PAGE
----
When difficult economic times strike, most companies use to pull back on ad and marketing costs thinking this money will be literally thrown away. What they really don’t realize is that advertising and marketing cutbacks motivated by fear could weaken brand relationships as customers might feel unnoticed or disregarded by the brand, situation that could lead customers to identify the brand as fragile or even indifferent to them. Therefore, it could get a lot easier for a more aggressive competitor to step in and take that customer away. In short, most companies stop moving forward as they just worry about surviving economic hardships.
“However, it doesn’t even cross their minds the possibility of taking advantage of the whole economic situation to get ahead of their competitors. When no one else is on the spotlight, that’s when you have to come up to the front and get your message to the audience. Since they’re not been aggressively bombarded, your message will get to them more directly, and it could be achieved with a modest investment,” said Ray Rosado, president and creative director of Mosado, one of the few local firms fully dedicated to strategic branding and creative design.
Bad economic circumstances usually generate new opportunities, “you just have to be brave enough to go beyond where no one else even dares to take a look at.” Mosado can actually create a branding strategy according to a company’s budget so that in difficult times, they can stand ahead of their competitors rather than stay behind, which certainly nobody wants. So, in a sense, Mosado may become a great ally who is truly willing to help any company get across the road during tough economic times.
“The competition is fierce but in bad times, it just takes a little bit of aggressiveness along with an intelligent and carefully planned branding strategy that monitors results to thrive,” commented Rosado, who started Mosado nearly four years ago and has done extremely well because of its carefully crafted branding strategies tailored to its customers’ needs.
What is a brand? It basically is a customer experience represented by a collection of images and ideas. “A successful brand comes out of the thorough process of creating a visual experience intended to make customers feel more familiar with a certain product,” commented Rosado. However, this customer experience is built upon a carefully planned branding strategy involving, among other aspects, interviews and open communication with the client along with a methodic market study to find out which intangible elements (such as feelings, beliefs, thoughts and ideas) customers tend to associate with the product, entity or service.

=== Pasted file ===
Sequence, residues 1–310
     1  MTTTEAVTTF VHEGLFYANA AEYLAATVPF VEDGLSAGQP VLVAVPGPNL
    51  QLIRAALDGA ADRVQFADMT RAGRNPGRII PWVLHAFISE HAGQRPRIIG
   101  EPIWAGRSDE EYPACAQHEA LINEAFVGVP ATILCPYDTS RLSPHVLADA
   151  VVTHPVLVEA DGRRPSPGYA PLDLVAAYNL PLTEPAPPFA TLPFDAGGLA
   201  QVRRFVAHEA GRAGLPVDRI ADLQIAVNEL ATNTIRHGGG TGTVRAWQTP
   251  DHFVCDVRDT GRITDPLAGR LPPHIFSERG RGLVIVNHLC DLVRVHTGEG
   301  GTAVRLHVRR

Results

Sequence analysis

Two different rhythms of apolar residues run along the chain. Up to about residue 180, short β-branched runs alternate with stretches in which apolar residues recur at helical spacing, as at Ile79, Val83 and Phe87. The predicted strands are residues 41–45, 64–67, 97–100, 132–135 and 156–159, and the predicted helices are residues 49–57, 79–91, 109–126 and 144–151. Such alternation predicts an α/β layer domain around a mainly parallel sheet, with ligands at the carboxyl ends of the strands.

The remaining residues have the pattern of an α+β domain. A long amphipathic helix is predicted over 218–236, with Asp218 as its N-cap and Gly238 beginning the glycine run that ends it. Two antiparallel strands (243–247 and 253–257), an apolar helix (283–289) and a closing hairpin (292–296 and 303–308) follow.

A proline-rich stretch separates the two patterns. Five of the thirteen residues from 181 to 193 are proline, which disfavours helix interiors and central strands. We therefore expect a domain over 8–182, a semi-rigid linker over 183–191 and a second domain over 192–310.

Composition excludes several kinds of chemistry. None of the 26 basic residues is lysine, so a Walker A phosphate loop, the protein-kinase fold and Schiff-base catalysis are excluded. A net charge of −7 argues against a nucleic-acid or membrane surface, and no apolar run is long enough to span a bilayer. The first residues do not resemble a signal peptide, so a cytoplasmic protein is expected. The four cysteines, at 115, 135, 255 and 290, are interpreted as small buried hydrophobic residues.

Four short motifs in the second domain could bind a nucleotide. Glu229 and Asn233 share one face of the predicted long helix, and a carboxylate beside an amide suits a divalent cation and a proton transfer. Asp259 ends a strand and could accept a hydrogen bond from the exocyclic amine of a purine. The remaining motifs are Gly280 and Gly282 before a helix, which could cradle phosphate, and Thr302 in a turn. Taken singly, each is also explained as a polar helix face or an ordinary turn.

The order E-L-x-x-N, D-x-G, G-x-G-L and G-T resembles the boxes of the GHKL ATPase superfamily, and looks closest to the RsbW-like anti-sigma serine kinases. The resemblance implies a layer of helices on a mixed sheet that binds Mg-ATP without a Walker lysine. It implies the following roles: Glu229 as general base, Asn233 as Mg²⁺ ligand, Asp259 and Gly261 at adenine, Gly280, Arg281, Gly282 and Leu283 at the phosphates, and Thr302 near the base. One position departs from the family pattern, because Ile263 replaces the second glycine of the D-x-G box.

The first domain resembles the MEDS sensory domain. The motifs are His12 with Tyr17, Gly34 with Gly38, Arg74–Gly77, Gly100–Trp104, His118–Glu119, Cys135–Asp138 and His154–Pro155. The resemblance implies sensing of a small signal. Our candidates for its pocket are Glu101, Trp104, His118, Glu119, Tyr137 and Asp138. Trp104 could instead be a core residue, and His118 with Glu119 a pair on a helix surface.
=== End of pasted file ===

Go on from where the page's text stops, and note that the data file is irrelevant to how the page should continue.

Once these intangible elements have been identified, the next step to take would be to turn them into a stunning visual experience, appealing to the market target, which can be achieved by means of graphic elements such as colors, web site, package, stationery, uniforms, ads and so on. And to achieve this, Mosado incorporates a professional marketing consulting approach with the best of intelligent design and creativity. “In any business, it’s all about image and perception. The way you project yourself to consumers will definitely determine the way you will be perceived by them,” stated Rosado, noting once a customer has been riveted onto the product, he or she is more likely to buy or choose it from among hundreds of other similar ones.
In other words, the brand is the cumulus of all distinctive qualities and commitment behind that product. It is what adds value, an identity and credibility to the product. “This is why a strong and well defined brand is the key to either introduce a new product into the market or reposition an existing one in a successful manner,” he said.
However, creating a strong and well established brand goes beyond the visual elements, “it’s about blending the image your company wants to project with its overall business strategy,” said Rosado, adding that another step to take in a company’s branding strategy is the internal marketing, which is marketing from the inside out. “In fact, if a company’s employees are aligned to the brand promise and reflecting its message to the market, this could further reinforce employer’s marketing efforts,” he explained.
How do you know if your branding strategy works? By closely monitoring sales increases. “Most, if not all, of our clients have had a double-digit sales increase compared with the year prior to the implementation of their branding strategy,” said Mosado, who has mainly served big companies in the business-to-business sector but is now expanding its client portfolio to include small businesses as well.